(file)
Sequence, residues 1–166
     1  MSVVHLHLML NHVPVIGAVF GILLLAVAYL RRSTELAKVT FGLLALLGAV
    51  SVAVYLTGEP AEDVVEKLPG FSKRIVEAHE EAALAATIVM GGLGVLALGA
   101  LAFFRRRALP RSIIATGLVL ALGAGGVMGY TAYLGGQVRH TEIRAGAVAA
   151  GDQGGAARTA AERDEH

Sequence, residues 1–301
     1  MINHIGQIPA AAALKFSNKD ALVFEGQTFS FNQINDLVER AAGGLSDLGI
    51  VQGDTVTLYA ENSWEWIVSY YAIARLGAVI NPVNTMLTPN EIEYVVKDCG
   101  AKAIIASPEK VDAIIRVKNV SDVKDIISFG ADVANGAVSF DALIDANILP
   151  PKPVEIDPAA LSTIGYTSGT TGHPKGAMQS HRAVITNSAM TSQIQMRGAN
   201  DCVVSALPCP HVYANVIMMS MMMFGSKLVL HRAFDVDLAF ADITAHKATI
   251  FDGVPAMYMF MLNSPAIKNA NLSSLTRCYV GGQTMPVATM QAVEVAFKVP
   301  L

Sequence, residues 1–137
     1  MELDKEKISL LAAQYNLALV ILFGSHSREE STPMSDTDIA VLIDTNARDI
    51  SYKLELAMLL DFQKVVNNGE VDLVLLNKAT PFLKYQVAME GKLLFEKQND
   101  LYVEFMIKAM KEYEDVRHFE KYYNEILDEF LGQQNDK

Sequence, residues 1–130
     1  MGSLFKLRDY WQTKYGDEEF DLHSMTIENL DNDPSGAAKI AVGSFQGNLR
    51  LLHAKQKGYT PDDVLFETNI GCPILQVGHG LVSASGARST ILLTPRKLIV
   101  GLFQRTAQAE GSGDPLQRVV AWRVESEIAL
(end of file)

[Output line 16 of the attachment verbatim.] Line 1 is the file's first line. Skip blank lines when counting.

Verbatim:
    51  SYKLELAMLL DFQKVVNNGE VDLVLLNKAT PFLKYQVAME GKLLFEKQND